Red Bull driver Max Verstappen believes he's better prepared than ever both mentally and physically to take his maiden Formula 1 title – although a big question mark remains over the competitiveness of the new Honda engine he drives in 2019 for the first time.
Speaking ahead of this weekend's opening race at Albert Park in Melbourne, the 21-year-old Dutchman pointed to the experience gleaned in the 2018 championship as the primary reason for his confidence and in him believing he is a better driver.
"I just have more experience again compared to last year. I feel fit, I feel ready, and looking forward to it, this is what I love to do," he said.
"In F1 over the years I've learned a lot with tyres and how to set up a car … when you stay with a team for a few years you start to understand more what you like of the car and how you want to run it."
Verstappen has long had the pace – in 2016 he became you youngest Formula 1 winner when he was just 18 – but has been criticised for inexperience on-track, occasionally contributing to crashes or other incidents due to over exuberance.
Red Bull Racing boss Dr Helmut Marko earlier this year told journalists the young gun had matured.
"We had some discussions and patience is one thing for sure he will show and he also understands if he can't win, it's still important to get points and finish races - otherwise you won't win any championships."
Indeed the F1 championship is one thing at the forefront of Verstappen's mind; if he can win in 2019 or 2020 he will eclipse Sebastian Vettel as the youngest F1 world champion.
But the driver is only part of the Formula 1 equation for success.
First time for everything
Verstappen is guarded on the pace of the Honda engine, which is being used in the Red Bull for the first time this year.
After years of reliability issues with other teams, most notably McLaren, Red Bull abandoned Renault in favour of the much-improved Honda.
"It's still early days," says Verstappen. "I'm happy with what we're doing at the moment and we don't have a lot of issues. We just need to be really consistent throughout the year. If we can keep this momentum going without too many problems it can be a promising package."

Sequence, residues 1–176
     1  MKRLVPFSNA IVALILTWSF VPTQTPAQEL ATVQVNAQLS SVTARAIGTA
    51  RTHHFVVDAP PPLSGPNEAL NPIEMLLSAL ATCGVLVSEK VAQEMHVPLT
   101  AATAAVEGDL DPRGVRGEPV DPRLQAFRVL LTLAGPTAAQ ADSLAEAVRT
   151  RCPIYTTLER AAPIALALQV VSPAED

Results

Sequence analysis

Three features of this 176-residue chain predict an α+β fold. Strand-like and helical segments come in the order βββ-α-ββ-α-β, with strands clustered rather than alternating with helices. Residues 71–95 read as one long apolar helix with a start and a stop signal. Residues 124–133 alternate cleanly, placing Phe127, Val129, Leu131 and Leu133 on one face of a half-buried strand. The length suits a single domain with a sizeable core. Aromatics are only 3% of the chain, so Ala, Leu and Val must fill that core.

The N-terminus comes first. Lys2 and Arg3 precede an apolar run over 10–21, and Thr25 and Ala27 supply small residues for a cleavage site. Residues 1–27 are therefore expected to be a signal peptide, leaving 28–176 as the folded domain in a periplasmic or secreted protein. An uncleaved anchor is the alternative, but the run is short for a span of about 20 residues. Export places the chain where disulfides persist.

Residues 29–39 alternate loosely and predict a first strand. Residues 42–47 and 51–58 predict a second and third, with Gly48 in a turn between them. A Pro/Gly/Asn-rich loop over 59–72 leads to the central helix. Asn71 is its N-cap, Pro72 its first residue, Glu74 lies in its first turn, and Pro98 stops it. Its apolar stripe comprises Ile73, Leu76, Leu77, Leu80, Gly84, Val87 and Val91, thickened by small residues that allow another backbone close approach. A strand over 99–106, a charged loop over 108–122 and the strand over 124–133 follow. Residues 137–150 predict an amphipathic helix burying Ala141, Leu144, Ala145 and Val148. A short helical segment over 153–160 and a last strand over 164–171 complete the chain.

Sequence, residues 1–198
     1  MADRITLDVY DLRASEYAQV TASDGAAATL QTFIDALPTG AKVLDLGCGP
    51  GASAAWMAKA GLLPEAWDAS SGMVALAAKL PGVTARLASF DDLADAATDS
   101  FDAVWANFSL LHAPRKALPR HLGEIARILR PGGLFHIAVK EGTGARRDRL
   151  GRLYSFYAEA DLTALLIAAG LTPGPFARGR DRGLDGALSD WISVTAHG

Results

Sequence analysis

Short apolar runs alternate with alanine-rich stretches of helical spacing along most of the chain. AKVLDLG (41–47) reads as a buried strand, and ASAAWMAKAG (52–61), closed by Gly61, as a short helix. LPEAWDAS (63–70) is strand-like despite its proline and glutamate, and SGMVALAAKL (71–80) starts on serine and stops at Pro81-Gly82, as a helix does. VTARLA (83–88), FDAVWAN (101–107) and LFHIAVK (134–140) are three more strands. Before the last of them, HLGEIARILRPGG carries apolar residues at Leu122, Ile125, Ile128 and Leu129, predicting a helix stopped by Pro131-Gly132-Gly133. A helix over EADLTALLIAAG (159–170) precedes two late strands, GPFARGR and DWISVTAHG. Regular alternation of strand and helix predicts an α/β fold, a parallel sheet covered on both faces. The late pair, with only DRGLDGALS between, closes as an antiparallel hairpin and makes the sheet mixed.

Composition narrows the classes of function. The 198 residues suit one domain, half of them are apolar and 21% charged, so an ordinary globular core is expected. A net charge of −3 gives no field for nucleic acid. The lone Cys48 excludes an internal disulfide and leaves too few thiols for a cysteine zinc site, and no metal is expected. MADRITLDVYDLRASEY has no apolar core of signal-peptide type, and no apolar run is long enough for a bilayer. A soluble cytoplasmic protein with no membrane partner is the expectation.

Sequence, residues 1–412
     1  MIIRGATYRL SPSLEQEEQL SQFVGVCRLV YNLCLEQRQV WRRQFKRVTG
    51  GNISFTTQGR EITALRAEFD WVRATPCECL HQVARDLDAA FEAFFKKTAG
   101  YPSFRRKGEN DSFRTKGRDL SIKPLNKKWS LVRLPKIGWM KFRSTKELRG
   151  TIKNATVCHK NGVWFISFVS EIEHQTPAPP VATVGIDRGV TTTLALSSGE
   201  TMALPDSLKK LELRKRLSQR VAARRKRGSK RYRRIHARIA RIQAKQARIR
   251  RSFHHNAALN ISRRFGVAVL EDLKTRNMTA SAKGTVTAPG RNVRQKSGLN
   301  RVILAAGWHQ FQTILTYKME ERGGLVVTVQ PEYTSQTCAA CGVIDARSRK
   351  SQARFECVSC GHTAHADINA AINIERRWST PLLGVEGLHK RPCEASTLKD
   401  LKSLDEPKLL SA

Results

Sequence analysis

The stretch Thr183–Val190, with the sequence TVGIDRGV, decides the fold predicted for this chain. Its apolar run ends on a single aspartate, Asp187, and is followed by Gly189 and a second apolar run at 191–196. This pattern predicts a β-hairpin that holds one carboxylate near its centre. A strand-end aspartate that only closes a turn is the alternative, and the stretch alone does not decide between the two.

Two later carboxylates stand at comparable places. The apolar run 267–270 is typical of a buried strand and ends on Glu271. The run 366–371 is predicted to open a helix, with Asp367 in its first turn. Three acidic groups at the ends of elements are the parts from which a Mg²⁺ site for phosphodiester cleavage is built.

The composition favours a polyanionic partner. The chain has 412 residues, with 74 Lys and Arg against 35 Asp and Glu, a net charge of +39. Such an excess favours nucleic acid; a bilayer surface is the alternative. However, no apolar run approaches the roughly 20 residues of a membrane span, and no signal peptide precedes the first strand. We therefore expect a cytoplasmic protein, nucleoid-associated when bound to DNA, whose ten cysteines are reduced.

No off switch
Verstappen stepped up the intensity of his training over the off season to the point where he says he is physically better prepared.
"The type of training is the same, exactly the same - just a bit heavier and a bit longer."
Even in the off-season, where drivers can relax more, Verstappen says he never fully switches off.
"As long as you are in Formula 1 it's always on your mind. You can never really fully switch off, but that's fine. It always has to be in the back of your mind."
Even with the pressure of preparing for an intense F1 season, Verstappen still manages time to work with sponsors, including watchmaker Tag Heuer.
Late last year Tag Heuer released the Formula 1 Max Verstappen Special Edition 2018, with black and red highlights and a subtle Dutch flag.
"There's already one coming," he says of another watch venture, again with his input. "A few little touches from my side, I think it looks good."
But the focus has been on readying for the 21-race 2019 season.
The weekly grind
Verstappen trains six days a week twice a day, all with the aim of preparing for the physical challenges of wrestling an F1 car at up to 350km/h.
During a race F1 drivers can experience up to six times the force of gravity when cornering.
Verstappen says there is no comparison to driving a Formula 1 car.
"You can't compare anything with Formula 1 car… the braking zones, the high-speed cornering you have in a Formula 1 car, the amount of grip. It's a different world."
A final question
However, there's one question Verstappen apparently wasn't keen to tackle; of dozens sent to him as part of this interview his PR minder avoided the one about his relationship with former teammate Daniel Ricciardo.
The pair call each other friends but enjoyed some heated exchanges and clashes in 2018, setting the scene for tension throughout 2019.
Verstappen was quoted earlier this year as saying: "I won't miss him, but he was fun and pleasant to have as a team mate".
No doubt there will be more in the lead up to the Albert Park race in Melbourne this weekend.